Dark Reading is part of the Informa Tech Division of Informa PLC

This site is operated by a business or businesses owned by Informa PLC and all copyright resides with them.Informa PLC's registered office is 5 Howick Place, London SW1P 1WG. Registered in England and Wales. Number 8860726.

Vulnerabilities / Threats

4/11/2017
05:40 PM
Connect Directly
Twitter
LinkedIn
Google+
RSS
E-Mail
50%
50%

Microsoft Office Zero-Day Patched After Months of Attacks

Microsoft released a security update for a flaw in the OLE API that affects most versions of Microsoft Word.

Microsoft today patched a critcial zero-day vulnerability in Microsoft Office/WordPad that attackers had been exploiting in the wild for months.

CVE-2017-0199 is a remote code execution vulnerability in the Windows Object Linking and Embedding (OLE) application programming interface. The vulnerability already had been weaponized in attacks to distribute the Dridex banking Trojan, as a botnet payload, and in a cyber espionage campaign.

Security firm McAfee published a report on April 7 to warn users of an exploit that has been used to target users since late January. SophosLabs claims attacks actually date back to November 2016, with most occuring between March and April 2017.

There are a few reasons this bug is especially dangerous: it affects most, or all, Windows versions of Microsoft Word, and targets don't have to enable macros for exploits to be effective, explains Bryan Burns, vice president of threat research and engineering at Proofpoint.

Burns says it's a logic bug, which is harder to defend against, he says. Victims are more likely to fall for these attacks because they aren't prompted to enable macros -- something businesses teach their employees to avoid. Instead, the attacks use a dialogue box.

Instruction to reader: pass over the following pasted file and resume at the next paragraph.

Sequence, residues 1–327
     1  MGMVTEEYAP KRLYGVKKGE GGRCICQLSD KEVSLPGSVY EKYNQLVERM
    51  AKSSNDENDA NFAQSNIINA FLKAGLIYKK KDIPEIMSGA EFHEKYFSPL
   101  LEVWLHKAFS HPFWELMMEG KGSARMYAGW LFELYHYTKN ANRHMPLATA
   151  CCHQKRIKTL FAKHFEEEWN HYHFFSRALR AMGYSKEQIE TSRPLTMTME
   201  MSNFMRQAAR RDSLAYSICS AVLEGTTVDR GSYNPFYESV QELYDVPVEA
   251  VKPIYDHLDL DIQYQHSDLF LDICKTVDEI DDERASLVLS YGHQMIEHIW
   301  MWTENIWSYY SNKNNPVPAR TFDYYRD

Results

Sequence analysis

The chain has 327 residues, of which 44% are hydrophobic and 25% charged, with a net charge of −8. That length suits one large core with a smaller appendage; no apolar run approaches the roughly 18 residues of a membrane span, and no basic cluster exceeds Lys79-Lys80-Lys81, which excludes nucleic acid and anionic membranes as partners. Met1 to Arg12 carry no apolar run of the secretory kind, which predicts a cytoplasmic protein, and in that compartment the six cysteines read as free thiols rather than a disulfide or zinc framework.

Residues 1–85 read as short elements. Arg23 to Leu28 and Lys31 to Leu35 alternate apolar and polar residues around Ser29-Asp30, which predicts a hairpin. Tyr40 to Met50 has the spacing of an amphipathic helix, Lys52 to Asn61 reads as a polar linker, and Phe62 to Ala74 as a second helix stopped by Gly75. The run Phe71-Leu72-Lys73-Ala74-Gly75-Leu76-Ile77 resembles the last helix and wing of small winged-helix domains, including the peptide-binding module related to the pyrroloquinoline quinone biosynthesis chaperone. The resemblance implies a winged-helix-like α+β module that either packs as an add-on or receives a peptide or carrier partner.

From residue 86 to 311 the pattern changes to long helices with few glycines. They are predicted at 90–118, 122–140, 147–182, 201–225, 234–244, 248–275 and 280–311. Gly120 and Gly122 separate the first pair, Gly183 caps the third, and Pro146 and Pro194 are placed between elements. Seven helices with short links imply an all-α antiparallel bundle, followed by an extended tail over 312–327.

"They've probably been trained over the last several years not to enable macros," says Burns. "This is a different vector. Users haven't seen a dialogue box. They haven't been trained not to click on it."

The attackers attach emails containing Microsoft Word RTF (Rich Text Format) documents. Subject lines read "Scan Data" and attachments were named "Scan_123456.doc" or "Scan_123456.pdf" with "123456" replaced with random numbers, Proofpoint reports.

When launched, the exploit connects to a remote server, downloads a file containing HTML application content, and executes it as a .hta file, McAfee explains. Because .hta is executable, the attacker gains full code execution on the machine. After the malware has been installed, the exploit closes the bait Word document and displays a new one to show the victim.

The exploit uses an embedded OLE2link object in specially created documents.

"Everything is working as designed," says Burns of how the attack deceives targets. "But the way it's designed, it left a corner open so code can run when you wouldn't expect it to be running."

In the case of Dridex, attackers obtained full system control to launch the banking Trojan malware. This enabled them to grab businesses' financial credentials and intercept transactions to steal money. "In this case, it was financially motivated," says Burns of the attackers' goals. "They were trying to infect with this malware to empty out [organizations'] bank accounts."

But Burns warns that this Office flaw would allow for any type of malware to be installed. Ransomware is one example Proofpoint sees frequently distributed.

"We would expect any threat actor who is trying to attack businesses to try this technique," he cautions.

Several security firms aside from Proofpoint observed this vulnerability in the wild ahead of Microsoft's patch. Netskope's Threat Research Labs linked this zero-day to the Godzilla botnet loader. Researchers saw IPs released to the botnet loader serving payloads related to exploits for the vulnerability using malicious Word documents.